Both talks definitely fired the imaginations of everyone involved who took part in the break-away sessions at the end of the evening.

The four groups came up with multimedia ways to cover Brighton Pride, this year’s general election and transport issues.

A particular favourite of mine was creating a spot the candidate Google map. Now that’s an idea with legs.

Other blogs/posts about Brighton Future of News Group:

A document of all the event’s tweets featuring the hashtag #bfong.

Laura Oliver, editor of also blogged about Jo Wadsworth’s and Simon Willison’s presentations, as did John Keenan.

Judith Townend, from organised the event at The Skiff and put together a summary linked with the first Future of News Group West Midlands meeting, which took place on the same evening.

The original UK Future of News Group was set up by Adam Westbrook.


Web headline relief

Filed under: Web journalism — Sarah Booker Lewis @ 4:18 pm
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A four-hour flying visit to Grantham later and I’m feeling much happier about the new-look website than I did when I wrote Making the headlines work.

The content management system (CMS) is radically different to the current JP system, but at least I know it is possible to have specific web headlines and edits.

I think the new sites look cleaner and are/will be easier to navigate.

The majority of reporters, particularly the Worthing team, will be able to grasp this quite quickly.

It’s just a case of bringing everyone else on board.


Making the headlines work

Late on Friday afternoon (February 5, 2010) I had an interesting discussion with a member of senior management about the difference between web news and the newspapers.

It’s no secret that Johnston Press is changing its operating systems, and part of that includes a redesigned website. The Grantham Journal already has its beta site up for feedback.

Tomorrow I am going to Grantham to see how it all works, hence the discussion with the senior manager. I explained I particularly wanted to know how the web edits and headlines are separated from print, as the system is integrated.

This was something he couldn’t get his head around. Why the difference? Writers, and sub editors in particulars are aware of the need for expressive, concise and witty headlines necessary for print.

However, those of us working with news websites are well aware of the need to simplify headlines for search engine optimisation (SEO).

When I was handed the newspaper websites I knew nothing of SEO, but as a web user of 12 years standing at that point, I had an instinctive understanding of how the headlines and stories needed to be written.

It seems obvious to me that journalists need to put themselves in the position of someone searching for a particular news story.

On Friday I had uploaded a video of fans queuing to see Peter Andre at the Holmbush Centre Tesco in Shoreham-by-sea.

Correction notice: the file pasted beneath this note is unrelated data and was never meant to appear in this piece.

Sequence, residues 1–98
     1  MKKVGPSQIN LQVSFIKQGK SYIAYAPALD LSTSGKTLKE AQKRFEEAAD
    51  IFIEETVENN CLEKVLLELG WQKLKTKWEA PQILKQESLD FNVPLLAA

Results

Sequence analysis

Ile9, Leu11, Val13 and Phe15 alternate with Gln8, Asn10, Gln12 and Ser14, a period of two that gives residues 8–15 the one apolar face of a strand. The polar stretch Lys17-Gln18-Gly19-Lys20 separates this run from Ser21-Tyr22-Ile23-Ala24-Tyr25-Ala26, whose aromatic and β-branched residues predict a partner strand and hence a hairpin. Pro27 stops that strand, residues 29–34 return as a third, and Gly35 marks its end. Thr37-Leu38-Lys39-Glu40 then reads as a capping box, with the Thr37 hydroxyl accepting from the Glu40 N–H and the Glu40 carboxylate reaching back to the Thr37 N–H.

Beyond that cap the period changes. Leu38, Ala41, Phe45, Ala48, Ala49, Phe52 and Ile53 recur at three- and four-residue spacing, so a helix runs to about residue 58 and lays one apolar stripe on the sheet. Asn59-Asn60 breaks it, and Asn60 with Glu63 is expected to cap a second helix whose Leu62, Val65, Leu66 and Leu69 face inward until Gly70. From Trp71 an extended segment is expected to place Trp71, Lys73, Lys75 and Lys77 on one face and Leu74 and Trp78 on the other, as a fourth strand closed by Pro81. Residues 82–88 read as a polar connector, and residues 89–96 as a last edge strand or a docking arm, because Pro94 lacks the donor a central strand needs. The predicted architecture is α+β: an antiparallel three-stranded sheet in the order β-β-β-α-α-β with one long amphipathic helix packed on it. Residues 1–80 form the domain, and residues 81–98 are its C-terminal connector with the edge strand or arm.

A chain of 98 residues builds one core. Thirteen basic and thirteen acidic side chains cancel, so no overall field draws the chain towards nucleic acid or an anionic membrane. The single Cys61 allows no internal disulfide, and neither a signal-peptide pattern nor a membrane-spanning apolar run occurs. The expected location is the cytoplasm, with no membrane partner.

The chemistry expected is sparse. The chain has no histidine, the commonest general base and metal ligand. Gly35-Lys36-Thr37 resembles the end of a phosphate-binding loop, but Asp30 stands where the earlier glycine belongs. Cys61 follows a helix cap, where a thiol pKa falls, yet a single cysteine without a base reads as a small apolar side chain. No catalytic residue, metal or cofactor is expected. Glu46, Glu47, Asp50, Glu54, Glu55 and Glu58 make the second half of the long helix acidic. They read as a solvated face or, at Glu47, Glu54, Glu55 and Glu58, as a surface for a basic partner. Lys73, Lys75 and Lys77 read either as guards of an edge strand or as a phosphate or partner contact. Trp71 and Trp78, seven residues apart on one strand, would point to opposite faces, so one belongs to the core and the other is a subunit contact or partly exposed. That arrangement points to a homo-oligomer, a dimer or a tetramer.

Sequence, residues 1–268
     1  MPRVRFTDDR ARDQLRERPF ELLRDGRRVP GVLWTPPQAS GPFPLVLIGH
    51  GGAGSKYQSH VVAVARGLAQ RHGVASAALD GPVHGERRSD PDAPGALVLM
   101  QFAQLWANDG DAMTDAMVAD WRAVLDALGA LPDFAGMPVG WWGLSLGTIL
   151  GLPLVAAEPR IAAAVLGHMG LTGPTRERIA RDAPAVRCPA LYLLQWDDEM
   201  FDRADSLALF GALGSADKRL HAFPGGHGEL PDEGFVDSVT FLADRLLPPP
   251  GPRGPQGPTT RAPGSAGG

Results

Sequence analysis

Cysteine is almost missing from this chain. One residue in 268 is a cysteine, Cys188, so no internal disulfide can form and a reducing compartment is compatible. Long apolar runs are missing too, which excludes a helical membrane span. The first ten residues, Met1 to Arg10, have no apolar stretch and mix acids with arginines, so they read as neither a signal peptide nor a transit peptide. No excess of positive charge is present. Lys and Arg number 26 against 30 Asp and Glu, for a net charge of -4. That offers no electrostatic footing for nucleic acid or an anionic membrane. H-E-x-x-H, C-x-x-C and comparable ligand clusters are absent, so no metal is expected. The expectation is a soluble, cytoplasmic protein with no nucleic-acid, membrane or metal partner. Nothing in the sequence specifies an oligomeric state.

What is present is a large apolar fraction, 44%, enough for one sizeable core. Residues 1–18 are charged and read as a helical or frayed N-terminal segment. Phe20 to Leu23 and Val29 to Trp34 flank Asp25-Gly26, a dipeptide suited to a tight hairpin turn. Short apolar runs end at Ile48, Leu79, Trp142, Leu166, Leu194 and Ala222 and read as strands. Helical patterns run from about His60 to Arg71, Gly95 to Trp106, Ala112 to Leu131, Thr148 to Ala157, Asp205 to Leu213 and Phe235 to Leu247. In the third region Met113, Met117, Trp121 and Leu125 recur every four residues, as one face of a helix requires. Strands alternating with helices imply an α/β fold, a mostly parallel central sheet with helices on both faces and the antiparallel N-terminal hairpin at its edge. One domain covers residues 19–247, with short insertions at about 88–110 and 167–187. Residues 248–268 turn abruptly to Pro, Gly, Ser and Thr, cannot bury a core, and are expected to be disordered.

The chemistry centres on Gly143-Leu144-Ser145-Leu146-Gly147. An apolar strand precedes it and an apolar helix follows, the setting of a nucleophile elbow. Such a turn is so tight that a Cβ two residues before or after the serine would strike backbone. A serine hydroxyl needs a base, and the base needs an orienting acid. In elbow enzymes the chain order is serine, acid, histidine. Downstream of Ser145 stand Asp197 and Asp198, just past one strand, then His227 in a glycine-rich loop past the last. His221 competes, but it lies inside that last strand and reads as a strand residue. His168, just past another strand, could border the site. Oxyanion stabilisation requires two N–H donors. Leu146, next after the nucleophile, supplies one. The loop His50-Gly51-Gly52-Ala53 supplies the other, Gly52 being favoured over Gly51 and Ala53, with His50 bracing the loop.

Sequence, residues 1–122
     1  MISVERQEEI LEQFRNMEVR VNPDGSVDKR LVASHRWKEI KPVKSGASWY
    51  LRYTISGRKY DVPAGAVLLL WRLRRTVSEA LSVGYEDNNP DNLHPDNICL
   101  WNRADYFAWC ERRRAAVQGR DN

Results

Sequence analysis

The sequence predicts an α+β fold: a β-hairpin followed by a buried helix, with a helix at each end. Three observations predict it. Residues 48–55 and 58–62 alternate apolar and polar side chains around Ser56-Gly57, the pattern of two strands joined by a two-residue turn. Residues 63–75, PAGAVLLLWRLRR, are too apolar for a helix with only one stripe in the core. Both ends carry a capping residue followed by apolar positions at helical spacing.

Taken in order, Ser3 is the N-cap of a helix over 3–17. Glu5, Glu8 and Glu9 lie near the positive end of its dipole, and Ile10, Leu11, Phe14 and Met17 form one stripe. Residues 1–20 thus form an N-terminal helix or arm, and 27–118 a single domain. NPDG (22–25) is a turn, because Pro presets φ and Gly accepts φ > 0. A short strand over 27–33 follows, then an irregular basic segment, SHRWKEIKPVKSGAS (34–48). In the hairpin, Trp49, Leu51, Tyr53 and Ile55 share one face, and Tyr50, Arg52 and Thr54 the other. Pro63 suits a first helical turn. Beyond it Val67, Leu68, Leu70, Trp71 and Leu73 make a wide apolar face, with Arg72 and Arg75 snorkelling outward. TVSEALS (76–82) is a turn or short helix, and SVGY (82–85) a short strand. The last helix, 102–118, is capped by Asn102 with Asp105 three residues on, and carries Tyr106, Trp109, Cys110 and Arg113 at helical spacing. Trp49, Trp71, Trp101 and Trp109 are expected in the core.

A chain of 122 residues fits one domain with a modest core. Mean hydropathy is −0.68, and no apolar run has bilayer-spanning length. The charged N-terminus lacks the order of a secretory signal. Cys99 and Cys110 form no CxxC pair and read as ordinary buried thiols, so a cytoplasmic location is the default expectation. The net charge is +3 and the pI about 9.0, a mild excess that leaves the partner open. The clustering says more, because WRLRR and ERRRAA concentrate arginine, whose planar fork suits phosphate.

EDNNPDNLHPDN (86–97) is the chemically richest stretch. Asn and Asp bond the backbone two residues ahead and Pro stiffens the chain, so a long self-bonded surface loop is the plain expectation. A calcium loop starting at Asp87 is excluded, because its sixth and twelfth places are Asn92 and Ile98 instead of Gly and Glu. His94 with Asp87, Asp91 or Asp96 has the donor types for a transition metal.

My chosen headline was Peter Andre thrills fans at Holmbush Centre signing and the picture caption included the words Tesco, and Shoreham.

The Shoreham Herald version of the story topped Google on Friday afternoon, and the story was the most popular on the three websites it appeared on. My work was done.

However, the senior member of management couldn’t understand why we wouldn’t use that headline in the print edition. It’s not dreadful, but it’s hardly the sort of pithy eye-catching stuff you might expect.

I suggested the print headline “Fans scream for six-pack star”, and pointed out it wouldn’t work on the web, but had an element of fun for the paper.

Unfortunately the senior manager couldn’t understand why it would work in the paper and not on the web, and vice versa.

When I checked the web analytics I found “Peter Andre” was the top search term and high in the rankings were the phrases “Peter Andre at Holmbush”, “Peter Andre in Shoreham” and “Peter Andre signing at Tesco”.

It may not seem like rocket science but I have tried to explain this to a number of reporters who still don’t get it, and use print style headlines instead.

An example I use during the online journalism workshops I host at Brighton City College, is The Sun’s Gotcha headline.

I’ve read variations on the Gotcha isn’t good for the web theme, but the best is Shane Richmond’s post for British Journalism Review.

The “Gotcha” headline on a Sun front-page splash about the sinking of the General Belgrano is one of the most famous, or infamous depending on your taste, in the history of British journalism.

Yet no web producer with any experience would consider a headline like that today. The reason is search engine optimisation (SEO).

SEO has been around almost as long as search engines themselves, but journalists were quite late to cotton on.  It didn’t really reach newsrooms until a couple of years ago.

The concept is simple.  It’s about ensuring that your content is found by the millions of people every day who use search engines as their first filter for news and those who don’t search at all but trust an automated aggregator, such as Google News, to filter stories for them.

These people are essentially asking a computer to tell them the news.

If you want your story to be read, you’d better make sure the computer knows what you’re writing about.

It’s logical and simple, it’s strange how some people just can’t get it.